Now that a plebiscite on same-sex marriage is off the table, it’s time to get serious and genuinely put this issue in the hands of the public, particularly those at the centre of the debate.
If the Federal Government had been prepared to engage the community at the beginning, we could now have reached a consensus and be in a position to pursue a way forward. Instead, we are back at the start – and no more time should be wasted.
On the bright side, this now opens the door for genuine consultation and a conclusion to be reached – one way or another.
It’s time for both the Government and the Opposition to trust the people.
Even democracies formed in Classical times trusted and respected everyday citizens to make decisions in the best interests of society. Ancient Grecians had faith in the collective wisdom of a representative random sample of society to consider facts and evidence, discuss and decide.
However, in the 21st century it appears there is a prevailing view that the public is unable to move beyond self-interest, that their views are fixed and they are generally unable to grasp complex issues – let alone that opposing sides might form a consensus.
Experience shows us this is underestimating Australians.
Of course, harnessing our collective wisdom and skills is not easy and it relies on the appropriate application and choice of democratic processes.
Gay marriage is an ideal place to start.
As a professional who is dedicated to delivering better democratic outcomes, I know from experience that considered decision-making relies on effective public debate about the breadth of perspectives on the issue. It requires a balanced public discussion that explores research and thinking about the issue.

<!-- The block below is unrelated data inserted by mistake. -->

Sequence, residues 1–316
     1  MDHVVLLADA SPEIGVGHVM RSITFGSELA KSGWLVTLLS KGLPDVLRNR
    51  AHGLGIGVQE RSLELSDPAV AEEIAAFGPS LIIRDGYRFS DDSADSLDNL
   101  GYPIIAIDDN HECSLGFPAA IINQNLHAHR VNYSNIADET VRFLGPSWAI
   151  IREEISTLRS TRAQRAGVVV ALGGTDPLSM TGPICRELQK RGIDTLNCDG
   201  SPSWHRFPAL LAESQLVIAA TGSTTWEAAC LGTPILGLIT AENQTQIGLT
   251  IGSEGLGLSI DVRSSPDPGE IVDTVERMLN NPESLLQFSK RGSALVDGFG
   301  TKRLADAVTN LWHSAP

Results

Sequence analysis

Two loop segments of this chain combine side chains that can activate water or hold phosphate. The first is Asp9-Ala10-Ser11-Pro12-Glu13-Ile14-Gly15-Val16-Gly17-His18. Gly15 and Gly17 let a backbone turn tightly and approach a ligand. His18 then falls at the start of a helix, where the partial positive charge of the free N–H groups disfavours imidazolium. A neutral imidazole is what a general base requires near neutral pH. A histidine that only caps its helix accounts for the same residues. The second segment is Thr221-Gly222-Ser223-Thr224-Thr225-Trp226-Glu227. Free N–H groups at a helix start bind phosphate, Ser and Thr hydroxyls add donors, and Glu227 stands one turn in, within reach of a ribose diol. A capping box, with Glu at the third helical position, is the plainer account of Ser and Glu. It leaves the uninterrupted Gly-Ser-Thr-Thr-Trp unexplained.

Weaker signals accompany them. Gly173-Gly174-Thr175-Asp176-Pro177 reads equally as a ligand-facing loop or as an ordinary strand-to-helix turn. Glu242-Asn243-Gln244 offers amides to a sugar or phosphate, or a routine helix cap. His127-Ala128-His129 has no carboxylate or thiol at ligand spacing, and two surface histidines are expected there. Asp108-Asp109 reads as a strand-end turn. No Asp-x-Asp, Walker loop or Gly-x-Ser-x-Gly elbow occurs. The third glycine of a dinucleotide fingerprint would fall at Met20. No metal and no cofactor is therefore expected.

This ensures the public is making informed decisions; that members of the community are coming to true judgments once they are armed with the facts and have had a chance to consider the issues at hand. This is called a deliberative process.
A plebiscite or a free vote in parliament without consultation and engagement is not a coherent balanced discussion about any issue. Apart from the LGBTI community, how many of us genuinely feel impacted directly by a decision to allow – or deny – marriage equality?
A far better option would be to bring together a cross-section of the community, including LGBTI people, with a random sample of the population and representatives from various faiths to build understanding and deliberate on solutions which are acceptable to all and enable each to see where they can find common ground. Such a process – known as a citizens’ jury – is far better than pitting each side against each other.
The struggle that successive Labor and Coalition governments have recently had points to a broader problem in how we make (or fail to make) public decisions today. If we can’t resolve this issue, then how can we resolve welfare spending, surging health costs and other grand challenges?
The failure of the parties to even agree on how to make a decision about marriage equality points to where the real public issue lies.
On our last federal election day, the privately-funded democracy innovator – NewDemocracy Foundation – offered to donate $5 million to the Australian parliament to fund a citizens’ jury process for everyday people to explore how we can do democracy better.
The offer stands. The Government needs to accept it – and trust Australians in the process.
Emma Lawson is CEO of democracyCo, which is delivering the citizens’ jury on the future of the nuclear fuel cycle in South Australia.
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